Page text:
Tuesday, March 10, 2015

Protective Weaknesses

Protective Weaknesses- Too stupid to be a good liar

It's nice not to be given power beyond your maturity.

"I'm too stupid to be a good liar."

A friend of mine has a saying, which he delivers quite cheerfully: "I'm too stupid to be a good liar". It's not technically true[1], but it caught my attention. The way he said it expressed two ideas. First, that being a good liar required cunning, planning, and intelligence he did not possess.  And second, that he was grateful for the fact.

I've long accepted that there are many powers and abilities beyond my current maturity, but the idea of being thankful for not having something I'm unprepared for was interesting.

As a person who tends to Want All the Skills, I usually I look at talents others have with a wistful sigh. I wish I had a better memory, catchier comebacks, snazzier fashion sense (in addition to the standard list of more money, time, good looks, etc.). I wish I was more employable, a smarter person, a smoother talker, sweeter singer, could speed read, play the piano, and the list goes on and on. I do try to feel grateful for the good things I do have in life, but I don't often try to feel grateful for the good things I don't yet have.

That initial phrase sparked off the idea of protective weaknesses, that is to say, weaknesses in one area that immunize you against a greater problem.

It's an odd category to think up, but once you start looking for them, you see that protective weaknesses and fail-safes dot human-designed systems. For example, the U.S. government would be much more capable if we didn't split it into different branches that are often at cross-purposes, and insist that certain organizations within it not share information with other organizations. Take away those constraints, and the federal government would be much powerful and efficient. The only drawback would be the federal government would be much more  powerful and efficient.

It's possible to " cripple" your computer or smartphone with programs that block certain websites or internet access on certain times of day, to combat the temptation of technology. The programs occasionally prevent you from accessing useful sites, or turn off your devices at inconvenient times, but they also completely remove the temptation of Youtube, Facebook, and a myriad of internet time-wasters. And for many, the diminished functionality is well worth the chance to focus on work and not waste precious willpower resisting trivial distractions.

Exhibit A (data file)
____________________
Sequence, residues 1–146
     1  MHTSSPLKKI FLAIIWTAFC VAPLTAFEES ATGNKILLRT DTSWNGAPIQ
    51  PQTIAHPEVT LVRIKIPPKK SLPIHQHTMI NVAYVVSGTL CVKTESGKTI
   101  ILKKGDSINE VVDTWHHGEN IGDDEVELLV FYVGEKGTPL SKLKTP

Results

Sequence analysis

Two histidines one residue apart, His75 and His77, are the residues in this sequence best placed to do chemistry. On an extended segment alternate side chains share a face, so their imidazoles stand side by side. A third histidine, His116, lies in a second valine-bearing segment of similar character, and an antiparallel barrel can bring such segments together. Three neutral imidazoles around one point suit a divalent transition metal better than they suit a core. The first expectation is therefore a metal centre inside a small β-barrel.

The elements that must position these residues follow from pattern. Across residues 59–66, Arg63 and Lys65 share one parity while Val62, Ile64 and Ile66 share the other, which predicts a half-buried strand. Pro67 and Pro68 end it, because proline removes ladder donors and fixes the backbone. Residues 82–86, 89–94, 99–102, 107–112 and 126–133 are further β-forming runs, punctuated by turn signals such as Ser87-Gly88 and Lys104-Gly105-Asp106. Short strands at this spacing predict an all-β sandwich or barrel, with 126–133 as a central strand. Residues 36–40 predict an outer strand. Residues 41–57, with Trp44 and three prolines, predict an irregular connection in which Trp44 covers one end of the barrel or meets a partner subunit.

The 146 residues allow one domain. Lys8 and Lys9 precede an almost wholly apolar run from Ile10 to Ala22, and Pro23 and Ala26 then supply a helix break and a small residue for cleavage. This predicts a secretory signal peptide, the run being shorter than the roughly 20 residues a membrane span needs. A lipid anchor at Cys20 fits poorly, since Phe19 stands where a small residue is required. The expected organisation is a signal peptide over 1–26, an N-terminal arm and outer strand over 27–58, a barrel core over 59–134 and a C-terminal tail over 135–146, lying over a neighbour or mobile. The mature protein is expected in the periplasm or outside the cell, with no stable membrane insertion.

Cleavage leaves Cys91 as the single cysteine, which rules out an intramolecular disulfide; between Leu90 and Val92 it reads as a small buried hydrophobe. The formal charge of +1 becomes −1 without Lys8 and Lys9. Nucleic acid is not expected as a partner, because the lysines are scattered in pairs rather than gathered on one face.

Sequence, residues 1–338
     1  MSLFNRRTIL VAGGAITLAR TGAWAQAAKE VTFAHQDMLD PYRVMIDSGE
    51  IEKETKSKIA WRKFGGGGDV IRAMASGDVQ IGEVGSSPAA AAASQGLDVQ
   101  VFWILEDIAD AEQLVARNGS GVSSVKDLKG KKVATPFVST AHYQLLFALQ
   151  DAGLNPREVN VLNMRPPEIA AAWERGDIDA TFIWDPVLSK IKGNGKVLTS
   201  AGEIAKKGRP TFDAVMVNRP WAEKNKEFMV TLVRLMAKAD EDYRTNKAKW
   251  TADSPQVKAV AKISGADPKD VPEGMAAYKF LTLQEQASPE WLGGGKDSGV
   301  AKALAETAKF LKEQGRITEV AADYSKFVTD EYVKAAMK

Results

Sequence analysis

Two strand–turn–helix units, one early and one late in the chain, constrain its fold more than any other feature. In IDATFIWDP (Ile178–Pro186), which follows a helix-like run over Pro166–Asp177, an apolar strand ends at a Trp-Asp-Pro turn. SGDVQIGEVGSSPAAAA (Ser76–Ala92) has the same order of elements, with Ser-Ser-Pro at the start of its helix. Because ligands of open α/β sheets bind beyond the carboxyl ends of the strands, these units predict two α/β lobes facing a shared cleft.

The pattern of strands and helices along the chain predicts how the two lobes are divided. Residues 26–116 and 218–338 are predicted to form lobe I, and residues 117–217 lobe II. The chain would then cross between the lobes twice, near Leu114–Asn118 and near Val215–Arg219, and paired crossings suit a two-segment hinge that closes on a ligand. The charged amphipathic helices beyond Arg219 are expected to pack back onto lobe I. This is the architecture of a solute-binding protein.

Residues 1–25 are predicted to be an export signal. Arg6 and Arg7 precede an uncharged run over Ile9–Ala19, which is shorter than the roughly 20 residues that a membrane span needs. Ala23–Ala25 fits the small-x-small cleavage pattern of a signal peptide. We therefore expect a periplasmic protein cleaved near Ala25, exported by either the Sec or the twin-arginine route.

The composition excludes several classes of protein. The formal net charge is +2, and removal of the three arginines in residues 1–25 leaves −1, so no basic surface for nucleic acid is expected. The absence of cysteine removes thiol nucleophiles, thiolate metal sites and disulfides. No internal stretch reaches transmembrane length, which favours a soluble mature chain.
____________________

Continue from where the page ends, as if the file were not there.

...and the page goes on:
And going back to the personal weaknesses level, I've been saved from devouring junk food from the simple fact that I'm too lazy to go to the store when the craving hits. One friend told me being asthmatic makes smoking very unappealing. And I've met more than one person who said they've stayed out of drugs thanks in part to an intense needle phobia.

In these examples, what we're calling "protective weaknesses" function as fail safes  against our worse natures[2]. They impair functionality or power, but in a way that is ultimately protective against abuse or immaturity. Kind of like how we lower voltage of AC current when it gets to our house. Lowering voltage weakens the current, but won't kill you (as easily) if you accidentally get shocked. In this case and many others: weaker is safer, if there is chance of error.

In the Pluto's Republic, Glaucon questions whether any man could keep his virtue if he had a ring of invisibility. Good question. So if we take the inverse of Power Corrupts, do we get Weakness Purifies? I think that would be a bit of a stretch, but I do think that it's preferable to not have power you're unprepared for than to have power you aren't ready for[3].

If I were smart and smooth enough to be an incredibly good liar, lying would be a lot more tempting. I'm glad that I've never gotten good at lying or at cheating, theft etc. Once developed, it's hard to undevelop a skill. And using it, I'd be less responsible for my actions, less kind and upfront with my friends, and better at justifying and hiding my worse tendencies, rather than admitting and correcting them. Without a greater level of maturity than I now possess, I'd probably be worse off with superhuman cunning than without it.

So while I work on maturity I'll try to be more grateful for what I don't have. I've always been glad we don't  go around giving ten-year-olds the car keys; maybe now I can be glad I'm not an incredibly talented [insert profession] or independently wealthy. My weaknesses keep me humble, keep me friendly and empathetic, push me to strive harder, and maybe even teach me the wisdom I need to one day be ready for power I will one day have. I am a student, son, coworker. One day I will be a teacher, father, supervisor. It is almost inevitable that my power/social influence will increase in some areas at least. The only real question is will my maturity keep pace?

I like the idea that I don't have everything right now, and that's ok.

Work on your weakness, but in the right order. Know yourself, and don't forget that the flaws you complain about may not be the ones that are really holding you back.

[1] He's actually very smart. Does that make him a liar?

[2] Built-in weaknesses in crappy printers, trial programs, genetically sterilized hybrid seeds* fall under a different category. Their built-in faults are intended to produce a change of others' actions, rather than prevent a problem. Genetically sterilized hybrid dinosaurs, however...
*GMO crops are not actually modified to be sterile. Monsanto owns the patent on the technique to do so, but they've promised not to use it. Ian Malcolm would just tell everyone not to worry.

[3] Which makes one wonder if we are sufficiently mature to have nuclear weapons? Drones? The Internet? Or unprecedented leisure time and Netflix, for that matter?

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